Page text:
Kay Ivey settles $49M in virus-related education aid

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Governor Kay Ivey and State Health Officer Dr. Scott Harris ask citizens to continue wearing masks and use social distancing during a coronavirus update in the state capitol building in Montgomery, Ala., on Tuesday June 29, 2020. (Mickey Welsh/The Montgomery Advertiser via AP)

Kay Ivey announced Monday that nearly $49 million in federal virus response aid will pay to boost internet access for students, offer digital textbooks and help with other education budget needs.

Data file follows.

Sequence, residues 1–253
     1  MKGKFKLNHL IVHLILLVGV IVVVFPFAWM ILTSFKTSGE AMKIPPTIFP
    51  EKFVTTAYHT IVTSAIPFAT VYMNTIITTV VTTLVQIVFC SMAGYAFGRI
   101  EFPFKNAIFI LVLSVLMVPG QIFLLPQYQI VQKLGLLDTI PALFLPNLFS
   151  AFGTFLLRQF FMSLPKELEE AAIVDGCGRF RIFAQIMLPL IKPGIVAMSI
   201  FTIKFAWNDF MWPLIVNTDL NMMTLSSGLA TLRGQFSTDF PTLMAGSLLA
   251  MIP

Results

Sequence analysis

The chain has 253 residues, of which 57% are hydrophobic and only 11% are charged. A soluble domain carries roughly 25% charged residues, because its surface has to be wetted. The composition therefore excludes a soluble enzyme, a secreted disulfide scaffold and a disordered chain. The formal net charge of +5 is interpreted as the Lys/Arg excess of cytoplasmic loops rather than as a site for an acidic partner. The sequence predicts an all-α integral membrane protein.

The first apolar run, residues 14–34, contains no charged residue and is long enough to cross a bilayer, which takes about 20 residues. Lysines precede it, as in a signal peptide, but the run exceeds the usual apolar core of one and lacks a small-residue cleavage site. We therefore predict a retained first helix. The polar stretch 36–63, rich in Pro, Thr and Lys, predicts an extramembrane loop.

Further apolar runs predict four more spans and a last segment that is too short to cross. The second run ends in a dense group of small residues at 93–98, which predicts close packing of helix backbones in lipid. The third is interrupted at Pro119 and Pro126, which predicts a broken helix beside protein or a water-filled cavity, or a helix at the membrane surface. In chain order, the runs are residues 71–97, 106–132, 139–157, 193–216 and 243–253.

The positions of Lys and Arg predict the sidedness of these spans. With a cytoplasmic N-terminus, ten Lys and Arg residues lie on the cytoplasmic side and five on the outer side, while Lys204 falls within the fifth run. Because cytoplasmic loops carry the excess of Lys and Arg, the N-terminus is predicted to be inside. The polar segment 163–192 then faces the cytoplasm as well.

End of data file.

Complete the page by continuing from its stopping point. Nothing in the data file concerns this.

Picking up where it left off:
The dollars come from an education relief fund created by Congress that allows governors to determine the spending plans. Alabama’s Republican governor is sending her state’s allocation to the state education department.

Under the plans, $26 million will be targeted to programs aimed at closing student achievement gaps; $10 million will equip school buses with WiFi capabilities; $9 million will provide school tutoring resources; and $4 million will be used for digital textbook and library resources.

“Closing school during the pandemic disproportionately impacts students who are already struggling, and it is our obligation to provide as much stability and access possible in these uncertain times,” Ivey said in a statement.

A separate $50 million in federal aid, Ivey announced, will be spent to reimburse Alabama colleges and universities for coronavirus-related expenses.

Republished with the permission of the Associated Press.